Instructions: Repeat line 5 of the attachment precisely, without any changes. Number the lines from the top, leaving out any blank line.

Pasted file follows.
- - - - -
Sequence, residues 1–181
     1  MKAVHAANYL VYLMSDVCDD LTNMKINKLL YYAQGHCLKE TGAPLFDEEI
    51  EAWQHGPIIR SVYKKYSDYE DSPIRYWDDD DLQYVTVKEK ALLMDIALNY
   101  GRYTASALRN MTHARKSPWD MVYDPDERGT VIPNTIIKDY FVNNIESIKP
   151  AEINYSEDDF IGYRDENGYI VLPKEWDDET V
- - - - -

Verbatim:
   151  AEINYSEDDF IGYRDENGYI VLPKEWDDET V